The journey from start to finish of the trail lasts five months, starting in Tomebamba (Ecuador) and ending in Cusco. Below is a written account of the experience through the mountains of Ancash.
Walking is a daily activity we take for granted. When we are used to paved city roads, we forget the transformative potential of going from one place to another, moving the legs, perceiving the wind and feeling free.
Imagine the journey to the White Mountain Range of the Andes. The sky changes from gray to a luminous blue and the dark sidewalks of a town transition to cobblestone weaving a path among rugged mountains. The higher you venture, the fewer cars you see, and the more llamas you will find.
This is what it’s like to start walking along the Qhapaq Ñan. Known as the Andean trail system, it’s an extensive network of roads through the Andes that was consolidated by the Incas more than 500 years ago. It was the most important road in the Americas, linking six countries: Argentina, Bolivia, Chile, Colombia, Ecuador and Peru.
Most are familiar with just one part of the Qhapaq Ñan: the Inca Trail. Impressively, over hundreds of years, a powerful mystique continues to illuminate the extension of the trail. When spending time on the trail, you feel more connected with nature and to the traditional communities that exist alongside the trail.
Our journey starts in the Cajay community in Ancash to meet the other members of the expedition. Our day 1 was day 73 for them, and the positive attitude of the adventurers energized us for the first steps towards the 75 km we had ahead of us.
The river flowed like music while we walked down the road to Pomachaca, a small town where the Inca trail begins. As we would see along the route, stretches of the Qhapaq Ñan have disappeared, either due to the construction of modern roads or natural causes.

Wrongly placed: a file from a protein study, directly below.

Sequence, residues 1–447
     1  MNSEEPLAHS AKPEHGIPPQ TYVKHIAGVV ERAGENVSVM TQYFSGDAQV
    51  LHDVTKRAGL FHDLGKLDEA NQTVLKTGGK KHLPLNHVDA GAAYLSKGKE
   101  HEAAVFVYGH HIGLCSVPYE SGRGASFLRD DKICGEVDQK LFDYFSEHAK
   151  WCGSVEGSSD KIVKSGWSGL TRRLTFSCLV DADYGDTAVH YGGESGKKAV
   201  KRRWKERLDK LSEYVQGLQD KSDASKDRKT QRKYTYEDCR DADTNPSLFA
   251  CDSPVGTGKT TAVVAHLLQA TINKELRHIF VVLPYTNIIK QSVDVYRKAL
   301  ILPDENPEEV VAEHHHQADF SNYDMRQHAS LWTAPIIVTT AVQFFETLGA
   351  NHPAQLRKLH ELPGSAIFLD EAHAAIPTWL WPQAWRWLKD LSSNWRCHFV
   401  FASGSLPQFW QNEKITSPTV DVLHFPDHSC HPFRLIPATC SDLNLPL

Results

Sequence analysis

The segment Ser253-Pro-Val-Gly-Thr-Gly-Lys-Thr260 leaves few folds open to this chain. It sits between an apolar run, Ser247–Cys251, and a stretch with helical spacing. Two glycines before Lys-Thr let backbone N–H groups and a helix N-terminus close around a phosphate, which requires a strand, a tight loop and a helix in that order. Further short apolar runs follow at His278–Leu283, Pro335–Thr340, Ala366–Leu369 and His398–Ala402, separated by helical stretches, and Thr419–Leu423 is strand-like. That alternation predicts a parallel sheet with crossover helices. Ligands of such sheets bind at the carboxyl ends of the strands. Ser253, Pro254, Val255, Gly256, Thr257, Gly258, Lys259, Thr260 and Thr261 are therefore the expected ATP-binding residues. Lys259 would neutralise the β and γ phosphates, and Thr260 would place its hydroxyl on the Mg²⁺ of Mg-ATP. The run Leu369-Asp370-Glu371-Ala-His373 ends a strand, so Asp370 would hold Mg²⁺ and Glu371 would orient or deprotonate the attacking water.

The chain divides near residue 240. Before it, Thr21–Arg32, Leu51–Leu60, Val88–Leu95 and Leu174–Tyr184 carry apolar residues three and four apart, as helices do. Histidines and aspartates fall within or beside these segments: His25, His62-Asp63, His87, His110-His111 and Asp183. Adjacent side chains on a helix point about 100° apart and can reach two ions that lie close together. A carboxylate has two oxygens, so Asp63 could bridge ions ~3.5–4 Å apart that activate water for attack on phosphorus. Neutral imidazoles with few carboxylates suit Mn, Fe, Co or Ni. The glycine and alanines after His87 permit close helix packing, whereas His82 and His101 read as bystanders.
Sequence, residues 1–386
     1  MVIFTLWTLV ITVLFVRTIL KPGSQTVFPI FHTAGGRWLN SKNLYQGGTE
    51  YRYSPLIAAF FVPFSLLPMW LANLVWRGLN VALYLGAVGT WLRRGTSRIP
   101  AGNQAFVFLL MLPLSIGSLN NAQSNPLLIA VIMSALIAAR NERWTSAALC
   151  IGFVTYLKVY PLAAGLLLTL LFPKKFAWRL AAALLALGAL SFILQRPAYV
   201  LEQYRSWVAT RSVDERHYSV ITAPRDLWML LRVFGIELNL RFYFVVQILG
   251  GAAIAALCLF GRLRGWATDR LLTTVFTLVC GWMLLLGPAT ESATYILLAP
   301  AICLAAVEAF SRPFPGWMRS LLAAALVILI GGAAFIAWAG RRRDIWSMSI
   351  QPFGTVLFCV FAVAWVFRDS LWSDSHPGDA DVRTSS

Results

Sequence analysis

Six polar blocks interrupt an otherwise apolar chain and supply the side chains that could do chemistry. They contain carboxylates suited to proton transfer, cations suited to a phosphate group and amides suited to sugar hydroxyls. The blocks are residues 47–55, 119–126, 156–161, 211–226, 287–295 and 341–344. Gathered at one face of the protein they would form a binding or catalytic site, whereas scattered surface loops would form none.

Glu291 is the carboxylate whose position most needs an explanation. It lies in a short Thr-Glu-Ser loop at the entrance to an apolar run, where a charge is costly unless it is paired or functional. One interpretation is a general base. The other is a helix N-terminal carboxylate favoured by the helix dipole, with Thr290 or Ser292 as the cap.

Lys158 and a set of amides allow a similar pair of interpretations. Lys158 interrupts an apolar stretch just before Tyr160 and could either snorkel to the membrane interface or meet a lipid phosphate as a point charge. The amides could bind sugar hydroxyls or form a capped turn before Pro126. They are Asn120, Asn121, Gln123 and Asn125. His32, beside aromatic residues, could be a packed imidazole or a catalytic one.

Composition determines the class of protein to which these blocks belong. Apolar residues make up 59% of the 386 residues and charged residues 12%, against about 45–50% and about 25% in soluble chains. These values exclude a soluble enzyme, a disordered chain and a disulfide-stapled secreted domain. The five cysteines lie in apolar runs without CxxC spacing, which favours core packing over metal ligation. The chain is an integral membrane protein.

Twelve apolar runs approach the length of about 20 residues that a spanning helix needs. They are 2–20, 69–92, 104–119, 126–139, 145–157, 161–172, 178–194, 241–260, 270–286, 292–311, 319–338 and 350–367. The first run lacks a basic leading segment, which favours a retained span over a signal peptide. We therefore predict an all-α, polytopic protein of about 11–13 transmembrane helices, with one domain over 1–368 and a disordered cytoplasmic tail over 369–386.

The hard test of trekking along the Qhapaq Ñan implies fighting heat, altitude, and fatigue. If we passed this first test, we would be prepared for the next four days. And each step was worth it. While we climbed, we could see beautiful valleys in the distance. We also found ancient Inca settlements in the middle of the mountain. It was remarkable to see how the steps seemed to be part of the landscape.
We arrived in Castillo, a town with a water fountain decorated with a chasqui (a messenger of the Tahuantinsuyo), a symbol of belonging to the Inca trail. Building back our energy with the fresh water from the main fountain felt like a gift of the Apus (mountain spirits).
Residents of this traditional village seemed to be in awe watching a large group llamas walking alongside a group of gringos. Though this beautiful animal is a symbol of tradition in the Andes, they are also great pack animals and companions for gringos who can’t carry all of their gear.
After a light lunch, we continued to ascend to Soledad de Tambo, where heroic porters already trekked ahead and set up our camp. After visiting Pinco’s ceremonial ushnu (sacred space) and enjoying a hearty meal, there is nothing better than lying on the pasture to relax under the Milky Way. The breathtaking starry sky of the Andes accompanied us every night along the trail of the Qhapaq Ñan.
PUNO: 1,000 VISITORS PARTICIPATE IN TREK THROUGH QHAPAQ ÑAN (PHOTOS)
QHAPAQ ÑAN, ANDEAN ROAD SYSTEM (PHOTOS)
QHAPAQ ÑAN, THE INCA HERITAGE THAT HAS SURVIVED THE TEST OF TIME
Credit: Ultimate Journeys Peru
Cover photo: Kyle Magnuson/Flickr:
This article has been updated from its original publication on Dec 31, 2018.
We help you find yourself in Peru. Since 2003, we have led the way as an authoritative and reliable English-language resource for those interested in traveling, living, working, and investing in Peru. We are a team of dedicated individuals who are passionate about delivering reliable and unbiased content and providing amazing experiences for people visiting Peru.